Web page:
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NAT’L – RETAILERS – Did American Outdoor Brands Just Become a Better Buy Than Dick’s Sporting Goods?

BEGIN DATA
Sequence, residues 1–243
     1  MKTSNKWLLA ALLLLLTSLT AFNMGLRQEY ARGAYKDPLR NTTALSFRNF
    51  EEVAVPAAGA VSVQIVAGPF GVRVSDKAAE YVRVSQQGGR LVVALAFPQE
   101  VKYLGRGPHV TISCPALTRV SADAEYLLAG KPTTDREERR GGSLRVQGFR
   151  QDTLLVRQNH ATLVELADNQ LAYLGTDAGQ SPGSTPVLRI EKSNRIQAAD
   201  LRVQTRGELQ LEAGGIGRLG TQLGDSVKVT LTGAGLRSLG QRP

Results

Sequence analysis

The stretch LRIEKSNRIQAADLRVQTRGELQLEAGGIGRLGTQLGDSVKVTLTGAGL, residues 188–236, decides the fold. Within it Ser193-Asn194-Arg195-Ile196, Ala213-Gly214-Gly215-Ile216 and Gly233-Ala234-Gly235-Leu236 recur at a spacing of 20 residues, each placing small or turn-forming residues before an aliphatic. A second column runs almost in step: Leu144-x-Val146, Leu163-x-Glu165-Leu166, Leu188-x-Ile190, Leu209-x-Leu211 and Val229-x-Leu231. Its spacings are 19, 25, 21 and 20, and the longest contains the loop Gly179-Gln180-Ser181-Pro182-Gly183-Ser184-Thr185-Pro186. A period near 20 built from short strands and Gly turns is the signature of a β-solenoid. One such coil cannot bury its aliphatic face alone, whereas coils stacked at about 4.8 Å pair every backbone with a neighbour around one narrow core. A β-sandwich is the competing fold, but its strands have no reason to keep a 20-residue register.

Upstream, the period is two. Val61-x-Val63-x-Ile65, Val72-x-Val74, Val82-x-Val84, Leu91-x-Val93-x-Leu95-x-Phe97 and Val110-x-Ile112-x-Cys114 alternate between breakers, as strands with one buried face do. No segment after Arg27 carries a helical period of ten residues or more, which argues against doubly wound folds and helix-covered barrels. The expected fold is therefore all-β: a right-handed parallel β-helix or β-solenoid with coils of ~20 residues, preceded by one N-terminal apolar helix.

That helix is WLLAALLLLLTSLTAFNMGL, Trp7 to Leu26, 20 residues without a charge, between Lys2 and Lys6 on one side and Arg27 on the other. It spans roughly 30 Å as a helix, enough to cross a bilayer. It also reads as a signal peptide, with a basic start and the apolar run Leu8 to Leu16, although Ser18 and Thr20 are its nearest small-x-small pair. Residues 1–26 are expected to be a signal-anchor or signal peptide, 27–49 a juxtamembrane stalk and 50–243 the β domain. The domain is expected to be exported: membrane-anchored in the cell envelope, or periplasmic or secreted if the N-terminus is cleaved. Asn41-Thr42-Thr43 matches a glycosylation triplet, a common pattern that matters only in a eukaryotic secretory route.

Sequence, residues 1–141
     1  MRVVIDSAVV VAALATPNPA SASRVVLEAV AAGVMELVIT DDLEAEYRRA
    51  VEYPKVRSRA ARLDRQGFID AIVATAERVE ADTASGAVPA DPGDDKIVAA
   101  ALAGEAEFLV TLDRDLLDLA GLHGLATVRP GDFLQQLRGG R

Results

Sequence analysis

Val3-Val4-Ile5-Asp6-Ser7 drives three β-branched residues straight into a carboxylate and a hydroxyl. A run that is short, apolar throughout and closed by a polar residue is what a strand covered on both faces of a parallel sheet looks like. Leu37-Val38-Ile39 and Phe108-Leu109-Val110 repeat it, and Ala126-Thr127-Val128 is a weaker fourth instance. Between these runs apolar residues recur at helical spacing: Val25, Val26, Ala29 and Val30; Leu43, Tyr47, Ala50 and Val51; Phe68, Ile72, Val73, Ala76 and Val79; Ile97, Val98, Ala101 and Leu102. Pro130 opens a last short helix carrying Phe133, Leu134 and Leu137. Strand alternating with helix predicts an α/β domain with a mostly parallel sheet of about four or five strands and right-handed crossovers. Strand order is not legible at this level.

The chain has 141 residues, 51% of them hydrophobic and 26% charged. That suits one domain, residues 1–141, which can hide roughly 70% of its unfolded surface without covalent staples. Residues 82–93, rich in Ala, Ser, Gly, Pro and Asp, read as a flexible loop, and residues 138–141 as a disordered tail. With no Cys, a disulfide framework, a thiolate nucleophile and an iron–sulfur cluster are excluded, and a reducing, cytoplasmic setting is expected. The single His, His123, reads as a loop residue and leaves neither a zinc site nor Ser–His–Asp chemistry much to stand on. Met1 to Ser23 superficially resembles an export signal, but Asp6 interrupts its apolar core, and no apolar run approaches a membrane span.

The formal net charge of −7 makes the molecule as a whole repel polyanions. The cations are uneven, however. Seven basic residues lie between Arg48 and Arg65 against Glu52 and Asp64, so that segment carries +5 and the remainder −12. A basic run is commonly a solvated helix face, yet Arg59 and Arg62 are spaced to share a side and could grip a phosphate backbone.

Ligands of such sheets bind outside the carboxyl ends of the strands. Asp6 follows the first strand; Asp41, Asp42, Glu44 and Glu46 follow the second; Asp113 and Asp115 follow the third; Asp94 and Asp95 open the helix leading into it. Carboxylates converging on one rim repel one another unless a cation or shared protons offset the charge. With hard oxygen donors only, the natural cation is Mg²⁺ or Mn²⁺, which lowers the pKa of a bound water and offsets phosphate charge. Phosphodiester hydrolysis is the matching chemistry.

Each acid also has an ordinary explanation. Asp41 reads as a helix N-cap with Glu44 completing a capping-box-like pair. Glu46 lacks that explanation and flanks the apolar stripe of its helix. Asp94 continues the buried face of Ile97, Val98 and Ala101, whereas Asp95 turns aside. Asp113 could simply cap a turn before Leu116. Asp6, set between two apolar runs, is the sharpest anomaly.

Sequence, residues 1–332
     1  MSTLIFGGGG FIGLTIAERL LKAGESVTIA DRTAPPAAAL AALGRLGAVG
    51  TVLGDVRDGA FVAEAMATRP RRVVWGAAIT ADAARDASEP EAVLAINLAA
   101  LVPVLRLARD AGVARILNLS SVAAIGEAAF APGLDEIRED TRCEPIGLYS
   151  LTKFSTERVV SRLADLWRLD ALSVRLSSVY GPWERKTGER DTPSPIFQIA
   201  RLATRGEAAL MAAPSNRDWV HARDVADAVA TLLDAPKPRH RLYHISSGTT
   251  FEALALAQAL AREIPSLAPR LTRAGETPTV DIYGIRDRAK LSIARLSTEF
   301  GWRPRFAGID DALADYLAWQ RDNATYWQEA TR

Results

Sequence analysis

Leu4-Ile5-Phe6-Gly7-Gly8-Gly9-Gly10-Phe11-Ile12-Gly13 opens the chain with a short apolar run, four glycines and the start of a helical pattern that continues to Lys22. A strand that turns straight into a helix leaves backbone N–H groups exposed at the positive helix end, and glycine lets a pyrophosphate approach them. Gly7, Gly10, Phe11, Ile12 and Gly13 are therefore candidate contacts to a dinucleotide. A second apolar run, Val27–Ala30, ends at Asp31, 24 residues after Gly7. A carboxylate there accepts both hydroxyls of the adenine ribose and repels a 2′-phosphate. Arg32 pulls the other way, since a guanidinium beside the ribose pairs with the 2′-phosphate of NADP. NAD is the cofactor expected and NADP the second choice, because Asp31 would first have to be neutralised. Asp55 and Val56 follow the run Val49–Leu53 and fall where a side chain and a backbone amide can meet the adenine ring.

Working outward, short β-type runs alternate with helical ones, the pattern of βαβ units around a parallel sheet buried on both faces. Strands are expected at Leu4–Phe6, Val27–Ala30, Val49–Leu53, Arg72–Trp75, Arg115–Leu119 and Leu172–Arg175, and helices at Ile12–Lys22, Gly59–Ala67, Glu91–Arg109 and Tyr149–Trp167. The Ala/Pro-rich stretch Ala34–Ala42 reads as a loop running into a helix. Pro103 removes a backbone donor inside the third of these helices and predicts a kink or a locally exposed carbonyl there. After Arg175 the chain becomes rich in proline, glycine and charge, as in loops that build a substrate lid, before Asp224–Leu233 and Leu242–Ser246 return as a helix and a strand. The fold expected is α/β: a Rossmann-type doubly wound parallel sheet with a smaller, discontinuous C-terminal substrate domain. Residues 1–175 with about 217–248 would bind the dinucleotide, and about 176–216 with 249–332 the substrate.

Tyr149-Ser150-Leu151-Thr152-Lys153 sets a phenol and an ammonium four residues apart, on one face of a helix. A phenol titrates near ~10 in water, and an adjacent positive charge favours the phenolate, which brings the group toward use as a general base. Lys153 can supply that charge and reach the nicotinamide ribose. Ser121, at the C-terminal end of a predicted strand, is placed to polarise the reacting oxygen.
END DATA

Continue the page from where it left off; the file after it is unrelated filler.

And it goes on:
The announcement by Sportsman’s Warehouse Holdings (NASDAQ:SPWH) that it has agreed to be acquired by the privately-held owner of Bass Pro Shops and Cabela’s should have investors taking a new, closer look at the sporting goods industry. The coronavirus pandemic changed the dynamic in the space, and as strong as Dick’s Sporting Goods (NYSE:DKS) has been in responding to the evolving needs of the market, American Outdoor Brands (NASDAQ:AOUT) may have just become the better buy. American Outdoor Brands is not to be confused with Great American Outdoors Group, which is buying Sportsman’s Warehouse for $18 a share, a 42% premium from where the outdoor retailer’s stock closed before the announcement. American Outdoor Brands was spun off from firearms maker Smith & Wesson Brands (NASDAQ:SWBI) this past August. With about half the market valuation of Sportsman’s Warehouse and a fifth of its sales, American Outdoor was tasked with making a mark in the $35 billion rugged-outdoors industry. While Smith & Wesson likely made a mistake by diversifying into the space in the first place, the decision to spin it off and become a pure-play gun stock again was smart. That still meant American Outdoor faced some high hurdles to break into the industry. Although it possesses some well-known and respected brands in its portfolio, it’s obviously a bit player (and a relative new one at that) taking on some industry stalwarts. The pandemic, however, has changed the equation. Because one of the few activities open to people during the lockdowns was physical outdoor recreation, American Outdoor was given a big kick-start as an independent company. Sales in its fiscal 2021 second quarter surged 65% from the prior year as e-commerce sales tripled, allowing gross margins to widen by 690 basis points. Dick’s Sporting Goods, which is orders of magnitude larger than American Outdoor, saw sales rise 23% on a 95% increase in online sales. That doesn’t necessarily make Dick’s performance worse, since it’s harder for a significantly larger company to post dramatic growth rates. But it also highlights the opportunities that will be missed after Dick’s decision to abandon a core market that has been ascendant, especially this year.  [full article]

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